Previous Challenge Entry (Level 3 - Advanced)
Topic: Lifeguard (11/09/06)
TITLE: The Seventh Wave
By Ann Grover
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Scarlet sunsets and pearly dawns. Orange soda and campfires. Counting waves to see if every seventh one was the largest, and sometimes it was, mysteriously and unaccountably, abundant.
Occasionally, we would arrive at the beach first, and the sand would be rippled with infinite undulations as far as we could see, down to the edge of the ocean where the verge was swept smooth. We’d stand in the surf, letting the frothy water tickle our toes while seaweed tangled around our ankles.
On that day, the beach was awash with umbrellas, blankets, and laughter. Families with children, groups of older teens, and girls our age had come to spend the afternoon swimming and tanning.
“Oil my back?” Marilyn handed the baby oil to Sue. I spread my blanket.
Fragrant aromas wafted down from the concession stand: chili dogs, french fries, popcorn. I turned over to tan my other side, and as I did, I saw Norm, the lifeguard, park his bike. Snickers and titters rose in a quiet chorus as he headed down to his chair. I nudged Marilyn.
“Look. It’s Gormless Norm.”
“Be nice, Lydia.”
Norm probably weighed all of ninety-eight pounds. There wasn’t a single hair on his pale, concave chest. I watched as he climbed up into the lifeguard’s chair, his spindly legs straining up each rung of the ladder. Heaven forbid that he should have to save me. He couldn’t save a gnat.
“I’m getting a soda,” I said. “Either of you want one?”
“Grape for me,” replied Sue.
“Cream soda, please.”
Weaving my way through children, beach balls, and wet towels, I reflected on my words and thoughts. I’d been wrong, and now I’d feel like a dolt all afternoon.
I walked back through the parking lot, not thinking about the ice-cold drinks that were getting warm. A car pulled up, a red ‘53 Cadillac two door, and out stepped the golden god, Tom Wray.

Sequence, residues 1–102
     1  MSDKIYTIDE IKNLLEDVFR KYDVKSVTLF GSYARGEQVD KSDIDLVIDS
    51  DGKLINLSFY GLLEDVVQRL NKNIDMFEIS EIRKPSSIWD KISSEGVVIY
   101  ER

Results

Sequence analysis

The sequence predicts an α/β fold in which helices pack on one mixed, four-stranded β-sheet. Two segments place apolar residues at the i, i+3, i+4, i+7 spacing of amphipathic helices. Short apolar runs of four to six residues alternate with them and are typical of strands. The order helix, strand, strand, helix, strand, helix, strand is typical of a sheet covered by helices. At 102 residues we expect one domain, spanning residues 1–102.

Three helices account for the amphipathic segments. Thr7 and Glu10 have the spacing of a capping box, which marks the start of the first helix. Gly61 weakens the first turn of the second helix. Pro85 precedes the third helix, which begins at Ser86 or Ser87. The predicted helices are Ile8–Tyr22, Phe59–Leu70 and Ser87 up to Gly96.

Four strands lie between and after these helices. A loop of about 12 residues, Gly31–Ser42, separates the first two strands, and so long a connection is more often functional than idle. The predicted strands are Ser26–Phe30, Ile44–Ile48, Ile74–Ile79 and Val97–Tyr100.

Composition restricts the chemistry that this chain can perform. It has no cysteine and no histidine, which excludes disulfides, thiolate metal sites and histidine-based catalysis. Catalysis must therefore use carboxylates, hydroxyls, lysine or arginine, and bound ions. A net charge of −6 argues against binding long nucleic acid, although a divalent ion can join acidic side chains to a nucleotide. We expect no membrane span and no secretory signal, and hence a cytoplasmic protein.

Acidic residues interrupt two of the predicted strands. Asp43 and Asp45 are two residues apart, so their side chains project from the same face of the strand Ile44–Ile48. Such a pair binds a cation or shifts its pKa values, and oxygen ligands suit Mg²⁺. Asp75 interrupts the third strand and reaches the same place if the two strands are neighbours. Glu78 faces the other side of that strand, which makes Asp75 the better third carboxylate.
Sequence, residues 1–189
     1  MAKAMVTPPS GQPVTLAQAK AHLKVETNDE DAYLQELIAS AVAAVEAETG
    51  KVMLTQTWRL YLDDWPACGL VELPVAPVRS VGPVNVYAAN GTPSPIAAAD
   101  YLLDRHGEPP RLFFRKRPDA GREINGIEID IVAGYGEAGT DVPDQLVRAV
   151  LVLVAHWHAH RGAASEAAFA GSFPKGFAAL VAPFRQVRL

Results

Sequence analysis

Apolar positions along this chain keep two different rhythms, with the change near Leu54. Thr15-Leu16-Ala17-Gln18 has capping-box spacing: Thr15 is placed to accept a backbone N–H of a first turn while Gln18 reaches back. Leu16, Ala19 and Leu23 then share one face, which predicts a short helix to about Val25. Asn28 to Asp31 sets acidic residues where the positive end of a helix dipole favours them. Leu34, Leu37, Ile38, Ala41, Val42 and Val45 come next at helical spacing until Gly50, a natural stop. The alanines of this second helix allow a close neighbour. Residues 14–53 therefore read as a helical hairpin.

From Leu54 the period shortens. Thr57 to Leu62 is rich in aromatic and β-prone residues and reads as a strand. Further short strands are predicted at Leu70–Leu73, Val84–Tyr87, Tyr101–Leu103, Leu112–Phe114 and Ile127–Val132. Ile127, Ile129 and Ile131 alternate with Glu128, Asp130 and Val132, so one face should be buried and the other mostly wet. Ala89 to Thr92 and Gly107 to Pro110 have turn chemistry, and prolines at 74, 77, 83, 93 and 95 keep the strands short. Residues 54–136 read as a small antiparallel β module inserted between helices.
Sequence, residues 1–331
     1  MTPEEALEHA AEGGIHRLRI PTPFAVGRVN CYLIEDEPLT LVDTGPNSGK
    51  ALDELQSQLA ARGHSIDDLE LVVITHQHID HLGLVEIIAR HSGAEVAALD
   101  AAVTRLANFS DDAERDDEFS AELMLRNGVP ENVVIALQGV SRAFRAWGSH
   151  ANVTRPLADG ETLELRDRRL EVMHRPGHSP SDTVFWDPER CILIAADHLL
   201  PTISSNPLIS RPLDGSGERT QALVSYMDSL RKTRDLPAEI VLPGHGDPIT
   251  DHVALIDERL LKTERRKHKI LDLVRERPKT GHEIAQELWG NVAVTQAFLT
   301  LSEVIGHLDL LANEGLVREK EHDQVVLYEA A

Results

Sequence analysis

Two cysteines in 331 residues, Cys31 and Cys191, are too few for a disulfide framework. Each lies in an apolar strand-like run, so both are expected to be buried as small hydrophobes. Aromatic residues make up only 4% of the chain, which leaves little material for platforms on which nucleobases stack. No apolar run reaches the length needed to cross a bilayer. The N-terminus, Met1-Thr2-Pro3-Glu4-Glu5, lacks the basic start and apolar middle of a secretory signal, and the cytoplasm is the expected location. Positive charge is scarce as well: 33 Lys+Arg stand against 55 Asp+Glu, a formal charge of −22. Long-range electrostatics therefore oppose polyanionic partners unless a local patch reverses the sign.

Before I could answer him, he was surrounded by a flock of cooing girls who stroked his muscular arms and ran fingers through his hair. He was dragged away without a backward glance at me, a kid who reeked of baby oil.
Condensation from the soda dripped on my foot.
Marilyn, Sue, and I observed the spectacle. Clearly besotted, the older girls gazed into Tom’s blue eyes and hung on every word. The guys were no less impressed, several going to admire the Caddy.
Amid cheers and whistles, Tom removed his shirt and flexed his biceps, posing and strutting. Finally, he suggested going for a swim, and his adoring entourage headed for the shore.
Norm shielded his lashless eyes against the glare, and he calculated how many people were dipping into the sea. Uncharitably again, I compared the two men. Tom was as bronzed as Norm was colourless, as brawny as Norm was thin.
The girls waded near the beach, not wanting to wet their hair, while the guys raced to the buoys. But not Tom. Tom arrogantly swam beyond the buoys.
How did Gormless Norm know that Tom’s flailing arm was a signal of distress and not a gesture of triumph? He looked through his binoculars, then blew shrilly on his whistle. He leaped from his perch, his scrawny legs pumping as he hit the sand, and he plunged into the water, stroking, stroking toward the bobbing head.
We rimmed the shoreline in silence, watching those thin arms disappearing beneath the waves and rising again. Norm finally reached Tom, and they began the arduous return trip.
Something wasn’t right.
It was Tom who waded back through the surf, and he carried Norm’s limp body in his arms. He laid him on the sand.
“Anyone know ‘mouth-to-mouth’?”
In response, several people knelt by Norm’s waxen body.
“He saved me. I was caught in seaweed.” Tom explained. “He got a cramp.”
I willed Norm to breathe, to move, to stand on his spindly legs. But Norm remained still and white, his heart hushed. I got my blanket, and Norm’s lifeless form was wrapped in it.
The sun shone, but the crowd was shivering in a shadow of disbelief and shock.
Later, Tom became a lifeguard, maybe in acknowledgment of the privilege of receiving his life twice and accepting a life given for him. Or maybe he’d seen in Norm a heart more golden than his own, a life that had been mysteriously and unaccountably abundant.
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